The remnants of the Exposición iberoamericana de 1929 (Ibero-American Exposition of 1929) are these beautiful building forming a half circle around a lake. The building reminds me of some of the buildings in Barcelona, not a surprise as Barcelona held the International Exposition in 1929.
Each region in Spain as well as each province of Andalusia is represented in one of the colorful tile booths.
Fully loaded orange trees provide a welcome pop of color on the streets. Those bitter oranges – also known as Seville oranges – taste bitter and a bit sour and thus are not for direct consumption. That explains why the trees are still so full of oranges! Apparently, they are collected in the winter time and exported to places like the UK where they get turned into perfumes or bitter orange marmelades.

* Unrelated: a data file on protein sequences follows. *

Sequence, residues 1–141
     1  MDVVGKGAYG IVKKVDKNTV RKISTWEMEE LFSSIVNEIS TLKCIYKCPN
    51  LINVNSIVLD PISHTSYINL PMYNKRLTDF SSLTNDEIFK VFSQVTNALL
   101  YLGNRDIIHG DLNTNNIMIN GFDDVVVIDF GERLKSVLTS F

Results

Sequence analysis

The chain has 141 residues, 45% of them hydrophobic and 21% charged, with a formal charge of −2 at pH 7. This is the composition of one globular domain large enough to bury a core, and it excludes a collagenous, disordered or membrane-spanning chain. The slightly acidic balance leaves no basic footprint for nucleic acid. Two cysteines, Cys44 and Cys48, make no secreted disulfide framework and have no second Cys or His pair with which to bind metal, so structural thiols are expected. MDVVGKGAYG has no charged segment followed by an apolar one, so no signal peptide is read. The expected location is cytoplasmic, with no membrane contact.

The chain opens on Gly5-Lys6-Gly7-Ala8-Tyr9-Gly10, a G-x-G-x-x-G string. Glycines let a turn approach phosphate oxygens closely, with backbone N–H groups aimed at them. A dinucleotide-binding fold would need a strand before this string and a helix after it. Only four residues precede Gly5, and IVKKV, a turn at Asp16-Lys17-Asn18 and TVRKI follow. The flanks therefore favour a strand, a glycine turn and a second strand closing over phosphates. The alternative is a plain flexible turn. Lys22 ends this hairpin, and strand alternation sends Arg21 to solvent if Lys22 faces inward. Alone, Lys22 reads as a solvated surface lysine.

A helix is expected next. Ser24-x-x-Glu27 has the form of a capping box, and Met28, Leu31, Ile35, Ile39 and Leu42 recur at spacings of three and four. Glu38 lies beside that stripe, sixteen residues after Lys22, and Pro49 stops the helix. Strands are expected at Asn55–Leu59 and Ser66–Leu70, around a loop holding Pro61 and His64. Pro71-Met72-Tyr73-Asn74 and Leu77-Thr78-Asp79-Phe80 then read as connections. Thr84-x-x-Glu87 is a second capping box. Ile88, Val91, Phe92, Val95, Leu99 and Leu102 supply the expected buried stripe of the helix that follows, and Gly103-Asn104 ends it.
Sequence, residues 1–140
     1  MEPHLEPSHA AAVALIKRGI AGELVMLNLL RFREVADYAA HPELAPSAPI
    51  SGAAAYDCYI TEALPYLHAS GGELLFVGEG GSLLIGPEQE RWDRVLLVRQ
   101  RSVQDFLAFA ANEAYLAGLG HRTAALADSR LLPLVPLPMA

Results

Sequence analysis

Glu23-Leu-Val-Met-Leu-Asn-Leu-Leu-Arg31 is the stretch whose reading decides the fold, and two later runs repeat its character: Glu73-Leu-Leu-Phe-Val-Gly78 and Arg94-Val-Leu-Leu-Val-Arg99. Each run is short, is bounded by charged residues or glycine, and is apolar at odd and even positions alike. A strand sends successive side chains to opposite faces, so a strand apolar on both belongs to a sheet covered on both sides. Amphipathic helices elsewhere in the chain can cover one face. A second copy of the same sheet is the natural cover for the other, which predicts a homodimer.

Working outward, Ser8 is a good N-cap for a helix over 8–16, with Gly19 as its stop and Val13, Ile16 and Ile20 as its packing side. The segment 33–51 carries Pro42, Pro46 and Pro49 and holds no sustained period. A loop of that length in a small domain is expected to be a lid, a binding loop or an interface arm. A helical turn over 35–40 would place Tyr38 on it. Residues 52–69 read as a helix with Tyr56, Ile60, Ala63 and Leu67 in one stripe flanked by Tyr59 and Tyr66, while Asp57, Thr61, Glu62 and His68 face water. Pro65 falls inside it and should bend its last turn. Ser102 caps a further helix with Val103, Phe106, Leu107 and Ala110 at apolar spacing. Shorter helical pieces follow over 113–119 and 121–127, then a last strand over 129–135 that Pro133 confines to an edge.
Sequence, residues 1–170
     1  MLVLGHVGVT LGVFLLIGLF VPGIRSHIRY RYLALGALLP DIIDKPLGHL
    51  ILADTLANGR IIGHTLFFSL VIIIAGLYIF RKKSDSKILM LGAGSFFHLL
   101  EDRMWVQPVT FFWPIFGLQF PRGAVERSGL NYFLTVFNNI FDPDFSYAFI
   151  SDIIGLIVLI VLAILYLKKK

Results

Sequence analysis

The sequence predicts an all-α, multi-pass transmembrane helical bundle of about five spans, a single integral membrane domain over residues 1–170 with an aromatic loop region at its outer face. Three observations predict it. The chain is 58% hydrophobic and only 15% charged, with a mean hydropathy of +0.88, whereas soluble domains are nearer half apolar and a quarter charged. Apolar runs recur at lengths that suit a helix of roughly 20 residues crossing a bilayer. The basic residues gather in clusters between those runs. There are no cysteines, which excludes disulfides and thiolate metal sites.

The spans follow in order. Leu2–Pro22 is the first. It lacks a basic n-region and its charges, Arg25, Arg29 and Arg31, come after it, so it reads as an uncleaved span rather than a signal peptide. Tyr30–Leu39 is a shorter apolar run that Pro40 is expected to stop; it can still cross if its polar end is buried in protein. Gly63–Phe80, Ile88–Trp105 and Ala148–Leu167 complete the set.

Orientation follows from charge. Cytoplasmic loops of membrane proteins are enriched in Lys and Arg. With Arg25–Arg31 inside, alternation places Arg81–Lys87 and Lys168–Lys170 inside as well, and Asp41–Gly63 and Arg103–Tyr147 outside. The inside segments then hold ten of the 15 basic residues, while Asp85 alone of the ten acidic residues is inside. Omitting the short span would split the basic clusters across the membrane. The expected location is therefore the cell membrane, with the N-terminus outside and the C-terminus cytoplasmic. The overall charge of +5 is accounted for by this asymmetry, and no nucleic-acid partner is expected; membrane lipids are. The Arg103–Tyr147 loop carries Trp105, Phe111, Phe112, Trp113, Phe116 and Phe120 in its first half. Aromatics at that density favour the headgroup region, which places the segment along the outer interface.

A landmark at the Plaza de la Encarnacion is the Metropol Parasol structure by J.Mayer H., made out of timber and a polyurethane coating. Innovative architectural techniques combined with historical value of the urban space, this structure in the midst of Seville is a must-see (and quite frankly, hard to miss). It houses an archeological site, a few gastro-bars, a market and a viewing platform, or just a place to enjoy an afternoon in Seville.
December 25th – 27th 2017